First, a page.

Upcoming Tax Threatens a Potential Dynasty for NBA Teams


Whether you love or hate the Miami Heat, you ought to appreciate their runs at the championship over the next two seasons. Because owner Micky Arison may not be able to afford his team by 2014-15.

In that season the “repeater” tax will kick in, bringing with it the most gruesome financial penalties for high-payroll teams that the league has ever seen. The repeater tax threatens to change the way business is done in the NBA, and its first major victim could be the reigning champion Heat.

As its payroll stands today, Miami is committed to seven players in 2014-15 at a total cost of $78.4 million. The bulk of that guaranteed money is scheduled to go to LeBron James, Dwyane Wade and Chris Bosh, who will be paid $61.4 million altogether that season.

It’s important to note that Miami’s payroll for 2014-15 does not yet include low-salaried players who are crucial to its championship hopes — contributors like Ray Allen, Shane Battier, Mario Chalmers, James Jones and Rashard Lewis, each a member of the Heat’s current team. Those five players are making a combined $14.9 million this season.

Let’s say that Miami, in order to remain in title contention in 2014-15, will add $14.9 million in cost-efficient role players to the seven men already contracted for that season. (The Heat may have to pay more than $14.9 million for similar complementary talent two seasons from now, but let’s stick with that conservative figure for the sake of argument.) Here’s what it means: If their ambitions remain high and they’re able to keep costs as low as possible, then the Heat will be responsible for a payroll totaling $93.3 million — and that’s before the brutal impact of the repeater tax kicks in.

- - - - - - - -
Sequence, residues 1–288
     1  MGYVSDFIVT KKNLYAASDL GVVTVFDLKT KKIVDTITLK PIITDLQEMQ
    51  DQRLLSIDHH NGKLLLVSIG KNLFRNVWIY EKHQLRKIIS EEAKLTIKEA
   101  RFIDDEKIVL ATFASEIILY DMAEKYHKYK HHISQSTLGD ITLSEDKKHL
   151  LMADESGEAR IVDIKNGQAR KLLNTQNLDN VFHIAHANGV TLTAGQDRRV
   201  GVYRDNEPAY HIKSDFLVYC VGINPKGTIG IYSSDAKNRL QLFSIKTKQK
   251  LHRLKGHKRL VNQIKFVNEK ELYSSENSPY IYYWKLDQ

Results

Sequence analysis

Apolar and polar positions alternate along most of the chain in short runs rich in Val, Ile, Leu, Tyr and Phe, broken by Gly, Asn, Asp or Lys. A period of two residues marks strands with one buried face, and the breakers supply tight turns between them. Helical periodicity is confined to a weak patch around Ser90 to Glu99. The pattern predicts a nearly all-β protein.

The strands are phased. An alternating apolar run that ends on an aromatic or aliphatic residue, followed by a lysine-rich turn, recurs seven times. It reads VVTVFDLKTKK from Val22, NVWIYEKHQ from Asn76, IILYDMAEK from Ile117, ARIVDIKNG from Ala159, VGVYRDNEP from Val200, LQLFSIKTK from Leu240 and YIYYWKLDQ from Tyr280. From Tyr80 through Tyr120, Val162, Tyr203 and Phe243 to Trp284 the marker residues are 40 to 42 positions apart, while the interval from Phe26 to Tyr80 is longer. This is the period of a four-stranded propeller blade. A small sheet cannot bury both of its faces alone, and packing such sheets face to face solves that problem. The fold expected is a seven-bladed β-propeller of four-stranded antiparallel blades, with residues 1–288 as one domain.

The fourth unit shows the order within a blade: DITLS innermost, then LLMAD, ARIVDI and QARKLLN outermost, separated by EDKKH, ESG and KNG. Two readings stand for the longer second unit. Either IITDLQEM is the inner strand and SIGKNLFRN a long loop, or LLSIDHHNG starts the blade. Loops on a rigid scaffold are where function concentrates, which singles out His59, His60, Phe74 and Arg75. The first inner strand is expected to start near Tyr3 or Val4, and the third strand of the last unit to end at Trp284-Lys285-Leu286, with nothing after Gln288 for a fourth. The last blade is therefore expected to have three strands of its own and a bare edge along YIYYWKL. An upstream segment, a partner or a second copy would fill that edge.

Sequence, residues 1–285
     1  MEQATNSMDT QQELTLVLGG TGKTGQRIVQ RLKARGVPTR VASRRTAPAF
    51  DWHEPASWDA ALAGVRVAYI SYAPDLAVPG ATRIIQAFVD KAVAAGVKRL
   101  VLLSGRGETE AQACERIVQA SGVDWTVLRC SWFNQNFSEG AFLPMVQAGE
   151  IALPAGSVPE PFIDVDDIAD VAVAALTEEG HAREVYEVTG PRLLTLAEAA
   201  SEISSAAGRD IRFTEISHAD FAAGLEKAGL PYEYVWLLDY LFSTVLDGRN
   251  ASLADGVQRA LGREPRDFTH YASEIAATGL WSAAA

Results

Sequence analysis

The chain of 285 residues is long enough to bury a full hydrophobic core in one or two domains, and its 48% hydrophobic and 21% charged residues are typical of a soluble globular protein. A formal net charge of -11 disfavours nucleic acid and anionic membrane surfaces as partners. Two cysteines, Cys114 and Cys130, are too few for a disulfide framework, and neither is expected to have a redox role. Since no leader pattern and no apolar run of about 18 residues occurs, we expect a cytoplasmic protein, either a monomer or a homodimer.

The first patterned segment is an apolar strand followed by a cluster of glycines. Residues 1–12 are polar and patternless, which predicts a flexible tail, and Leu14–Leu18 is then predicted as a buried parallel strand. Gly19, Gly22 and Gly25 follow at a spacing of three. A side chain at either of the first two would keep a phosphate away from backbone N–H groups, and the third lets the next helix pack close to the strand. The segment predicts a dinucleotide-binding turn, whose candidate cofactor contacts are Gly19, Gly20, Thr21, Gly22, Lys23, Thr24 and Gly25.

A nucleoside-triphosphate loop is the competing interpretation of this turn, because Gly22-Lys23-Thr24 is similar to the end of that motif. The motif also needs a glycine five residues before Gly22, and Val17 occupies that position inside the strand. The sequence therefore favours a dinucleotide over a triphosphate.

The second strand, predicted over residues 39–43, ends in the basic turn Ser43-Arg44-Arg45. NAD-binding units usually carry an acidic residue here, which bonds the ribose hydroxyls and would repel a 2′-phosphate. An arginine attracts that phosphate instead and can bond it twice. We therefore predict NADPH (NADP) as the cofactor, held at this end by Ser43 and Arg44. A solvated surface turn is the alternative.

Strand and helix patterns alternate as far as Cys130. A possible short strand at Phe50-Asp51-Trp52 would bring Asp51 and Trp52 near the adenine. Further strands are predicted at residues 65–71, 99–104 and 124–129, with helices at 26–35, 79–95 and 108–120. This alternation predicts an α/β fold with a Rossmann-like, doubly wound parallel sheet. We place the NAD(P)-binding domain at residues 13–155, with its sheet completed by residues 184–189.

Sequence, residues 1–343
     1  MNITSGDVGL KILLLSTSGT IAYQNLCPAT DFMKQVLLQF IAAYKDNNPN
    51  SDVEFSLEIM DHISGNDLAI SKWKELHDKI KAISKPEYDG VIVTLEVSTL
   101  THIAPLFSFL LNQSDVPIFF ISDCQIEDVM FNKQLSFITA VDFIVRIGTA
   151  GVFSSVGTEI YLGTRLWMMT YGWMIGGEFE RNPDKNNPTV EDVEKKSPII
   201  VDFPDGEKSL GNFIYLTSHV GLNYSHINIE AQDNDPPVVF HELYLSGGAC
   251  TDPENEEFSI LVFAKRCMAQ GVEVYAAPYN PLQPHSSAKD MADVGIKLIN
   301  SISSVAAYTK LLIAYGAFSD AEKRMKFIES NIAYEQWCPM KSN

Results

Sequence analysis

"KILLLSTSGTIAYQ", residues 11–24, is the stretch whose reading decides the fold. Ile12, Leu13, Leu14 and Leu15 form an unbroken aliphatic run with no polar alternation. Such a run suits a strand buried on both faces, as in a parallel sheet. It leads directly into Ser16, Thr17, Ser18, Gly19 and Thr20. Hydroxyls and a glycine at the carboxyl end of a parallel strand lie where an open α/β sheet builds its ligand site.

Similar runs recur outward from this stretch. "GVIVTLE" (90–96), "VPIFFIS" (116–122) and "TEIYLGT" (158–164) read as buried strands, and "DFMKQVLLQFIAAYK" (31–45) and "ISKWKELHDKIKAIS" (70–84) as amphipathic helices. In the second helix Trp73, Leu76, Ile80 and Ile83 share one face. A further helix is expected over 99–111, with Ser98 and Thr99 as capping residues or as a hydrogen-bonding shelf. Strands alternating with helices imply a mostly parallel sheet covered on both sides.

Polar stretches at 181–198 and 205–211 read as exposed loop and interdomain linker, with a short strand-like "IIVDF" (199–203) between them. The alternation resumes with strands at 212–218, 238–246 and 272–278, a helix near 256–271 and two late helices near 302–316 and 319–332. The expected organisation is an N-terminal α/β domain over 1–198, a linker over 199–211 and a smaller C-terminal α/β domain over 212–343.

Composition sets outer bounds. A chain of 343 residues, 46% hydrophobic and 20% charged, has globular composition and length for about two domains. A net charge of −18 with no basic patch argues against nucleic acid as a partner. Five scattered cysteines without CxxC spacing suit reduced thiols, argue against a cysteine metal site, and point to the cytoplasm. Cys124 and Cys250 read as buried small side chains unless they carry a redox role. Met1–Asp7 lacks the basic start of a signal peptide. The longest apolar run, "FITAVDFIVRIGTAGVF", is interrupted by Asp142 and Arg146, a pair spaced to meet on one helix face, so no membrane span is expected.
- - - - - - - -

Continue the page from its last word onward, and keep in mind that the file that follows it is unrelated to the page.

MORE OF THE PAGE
At the conclusion of 2014-15, the repeater tax will make its dreaded debut by punishing teams that have paid a luxury tax for four consecutive seasons. Miami is on a path to be hit with an enormous penalty in the summer of 2015.

As a repeat taxpayer, the Heat will be facing the highest incremental tax rates in NBA history. If, for example, the luxury-tax threshold is established at $75 million — a highly optimistic gain of roughly $5 million from this season — the Heat could be faced with a tax bill approaching $48 million. In total, they would be paying $141.3 million for 12 players.

read the rest of the story on Page 2


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